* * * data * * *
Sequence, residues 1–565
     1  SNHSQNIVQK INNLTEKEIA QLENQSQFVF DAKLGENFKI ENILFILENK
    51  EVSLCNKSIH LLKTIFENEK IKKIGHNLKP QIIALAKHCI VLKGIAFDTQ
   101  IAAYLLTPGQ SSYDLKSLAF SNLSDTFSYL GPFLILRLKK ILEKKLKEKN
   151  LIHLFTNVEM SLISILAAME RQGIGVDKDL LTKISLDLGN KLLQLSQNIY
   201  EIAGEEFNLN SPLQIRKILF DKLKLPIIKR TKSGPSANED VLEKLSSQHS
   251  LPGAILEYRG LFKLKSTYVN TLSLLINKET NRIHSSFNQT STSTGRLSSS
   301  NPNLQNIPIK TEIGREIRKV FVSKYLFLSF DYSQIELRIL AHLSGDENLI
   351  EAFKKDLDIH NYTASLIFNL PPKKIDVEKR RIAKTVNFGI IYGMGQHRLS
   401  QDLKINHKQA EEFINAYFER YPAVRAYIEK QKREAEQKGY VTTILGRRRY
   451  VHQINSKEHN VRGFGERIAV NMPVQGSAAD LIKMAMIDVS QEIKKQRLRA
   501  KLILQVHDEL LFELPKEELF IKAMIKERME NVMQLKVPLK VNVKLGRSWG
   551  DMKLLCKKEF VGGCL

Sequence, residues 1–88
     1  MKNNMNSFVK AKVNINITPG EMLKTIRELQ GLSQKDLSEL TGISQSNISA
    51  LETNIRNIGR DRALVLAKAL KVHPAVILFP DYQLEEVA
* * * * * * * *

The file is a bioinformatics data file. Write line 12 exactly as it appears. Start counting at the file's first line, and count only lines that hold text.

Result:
   501  KLILQVHDEL LFELPKEELF IKAMIKERME NVMQLKVPLK VNVKLGRSWG